I also utilize our local Farmer's Market. This summer I was able to purchase a lot of organic green peppers. It's so difficult to find organic green peppers in stores, so I snatched up whatever I could find at the Farmer's Market. Then I dehydrated the green peppers. I now have enough organic green peppers to last our family until next year's growing season.

I know there are other foods that I haven't listed, but you get the idea. Basically, I make a point to keep track of food prices so I can recognize a good deal. Whenever I run across a good deal, I stock up. Yes, it costs more one time, but then you don't have to buy any more for quite a while. Also, our family has found that buying good quality food motivates us to learn to provide it for ourselves. I see how much money I spend each month on produce and it spurs me on to produce a larger, more successful garden.

It also takes time to research and find new sources for good quality foods. You may have to settle for conventionally-raised beef until you can find a source for good quality beef. Networking with other like-minded families can be beneficial. I've come across many resources this way that I wouldn't have discovered myself. It's great when friends contact me to let me know that they've found a good sale. Oftentimes, a group of friends can make a bulk purchase together in order to receive a discount and then divide everything up amongst themselves.

Ultimately, I think the best thing is just to keep putting one foot in front of the other. Small, continuous improvements will eventually get you somewhere. At least you're moving in the right direction.

Anyway...Anonymous, I hope that helps get you started. If I can help in any way, please don't hesitate to contact me.

(This post is proud to be part of Real Food Wednesday.)


  1. Thank you for posting this. My daughter is 4, my son (on the spectrum) is 2.5, and my other son (possibly on the spectrum) is 13 months. My husband is getting his PhD and is always very busy. I have been working on this diet for about 6 months, but I can't seem to get a system down. We have therapists in and out of the house about 3-4 times per week, and I feel so overwhelmed. I'm sure you have too.

    Do you have a system that works for you? A daily routine that you could share with me? I really need advice, because it breaks my heart knowing that if I could just figure this out my poor sweet son would feel so much better.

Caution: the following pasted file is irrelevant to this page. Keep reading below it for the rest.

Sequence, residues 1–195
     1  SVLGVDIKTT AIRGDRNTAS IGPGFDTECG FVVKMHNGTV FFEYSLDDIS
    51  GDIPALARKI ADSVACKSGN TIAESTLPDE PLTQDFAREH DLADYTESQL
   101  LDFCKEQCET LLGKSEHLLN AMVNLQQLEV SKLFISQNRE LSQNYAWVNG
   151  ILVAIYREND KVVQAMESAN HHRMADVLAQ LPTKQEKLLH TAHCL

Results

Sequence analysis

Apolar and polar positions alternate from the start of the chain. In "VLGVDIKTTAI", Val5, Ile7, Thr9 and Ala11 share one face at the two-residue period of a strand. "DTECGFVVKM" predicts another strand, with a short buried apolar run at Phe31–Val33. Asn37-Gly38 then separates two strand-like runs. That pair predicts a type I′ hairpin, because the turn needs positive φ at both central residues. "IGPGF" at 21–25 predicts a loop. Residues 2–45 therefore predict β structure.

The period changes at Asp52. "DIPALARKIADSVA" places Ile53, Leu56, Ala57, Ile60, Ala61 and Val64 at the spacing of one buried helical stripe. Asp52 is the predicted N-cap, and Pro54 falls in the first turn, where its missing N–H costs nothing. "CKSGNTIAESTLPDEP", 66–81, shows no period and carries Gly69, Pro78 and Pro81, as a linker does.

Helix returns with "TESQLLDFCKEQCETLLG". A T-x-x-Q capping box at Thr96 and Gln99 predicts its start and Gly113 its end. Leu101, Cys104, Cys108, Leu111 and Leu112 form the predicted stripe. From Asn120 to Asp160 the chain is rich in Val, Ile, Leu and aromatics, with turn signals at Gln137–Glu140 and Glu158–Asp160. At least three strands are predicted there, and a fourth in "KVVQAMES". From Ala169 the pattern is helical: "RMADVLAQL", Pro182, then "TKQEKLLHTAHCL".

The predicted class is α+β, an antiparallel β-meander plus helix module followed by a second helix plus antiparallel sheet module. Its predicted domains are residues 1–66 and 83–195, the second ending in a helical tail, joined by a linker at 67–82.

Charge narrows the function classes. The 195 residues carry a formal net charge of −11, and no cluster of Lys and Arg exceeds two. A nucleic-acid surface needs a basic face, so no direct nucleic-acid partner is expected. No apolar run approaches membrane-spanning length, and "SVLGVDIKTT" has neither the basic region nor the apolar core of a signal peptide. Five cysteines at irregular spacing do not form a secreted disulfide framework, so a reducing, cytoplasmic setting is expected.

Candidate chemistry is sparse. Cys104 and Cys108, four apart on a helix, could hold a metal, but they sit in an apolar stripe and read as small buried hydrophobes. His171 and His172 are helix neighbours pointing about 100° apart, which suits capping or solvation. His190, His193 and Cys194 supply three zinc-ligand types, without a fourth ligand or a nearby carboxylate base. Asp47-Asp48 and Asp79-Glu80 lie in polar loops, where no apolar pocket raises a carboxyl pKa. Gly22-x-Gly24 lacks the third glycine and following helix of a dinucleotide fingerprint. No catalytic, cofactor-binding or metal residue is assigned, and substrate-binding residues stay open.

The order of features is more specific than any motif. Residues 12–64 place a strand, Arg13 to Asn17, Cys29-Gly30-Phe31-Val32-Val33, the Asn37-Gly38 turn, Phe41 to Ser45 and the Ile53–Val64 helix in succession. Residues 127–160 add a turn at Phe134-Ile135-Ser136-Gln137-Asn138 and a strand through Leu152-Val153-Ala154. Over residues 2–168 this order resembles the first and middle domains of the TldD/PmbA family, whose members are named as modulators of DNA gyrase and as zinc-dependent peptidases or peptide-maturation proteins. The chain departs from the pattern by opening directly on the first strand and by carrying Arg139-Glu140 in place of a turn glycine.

How many quarts of broth do you make at a time? Maybe I should invest in a deep freezer?? We just have a regular little refrigerator right now. I got fish heads/bones and tails from the grocery store that they gave me for about $2, and I only got about 2 quarts of stock from that... but I guess I can add water to it to make it last longer, but then it is just diluted so I don't know.

    I would really appreciate an idea of your daily routines, because this diet requires so much planning, and I am so lost.

    Thank you so much,


  2. thanks for posting this... i think i can get a few ideas from this. we will be starting GAPS in January.

  3. Its a lot cheaper to buy direct from local farmers, instead of health food stores. Organic meat is $5.50-$7.50/lb there. And its not grass fed, either.
    From the farmer, you can buy it at $5.-6.50/lb for grass-fed, usually.

    1. How do you buy "direct from local farmers"? I've wondered. I live in Southern California and I've not a clue how to begin. Our farmers' market, well one of several close by only sells eggs and chickens. Suggestions?

    2. Michelle, I can't speak for Anonymous above, but here's how we came in contact with our local farmers.

      Our antibiotic/hormone-free, grassfed beef is purchased from the Ag Instructor at our local college. She takes the cow to the processor and we pick it up after everything's finished. We pay the farmer for the animal and the processor for the processing.

      Our raw cow's milk, goat's milk, and cream are purchased from someone that we met at our local Farmer's Market.

      We purchase locally raised pork (not pastured though) through a local Mennonite-owned butcher shop. He purchases the live animal from the farmer and processes it. Then we pay for everything through the butcher shop.

      From May through November we have a nice Farmer's Market that sells locally raised fruits, vegetables, goat meat, eggs, honey, nuts, homemade crafts and baked goods, and even live animals (chicks, rabbits). It's a wonderful resource for finding what you need. Even if what you're looking for isn't available there, usually one of the vendors will let you know if there's someone else locally to purchase it from.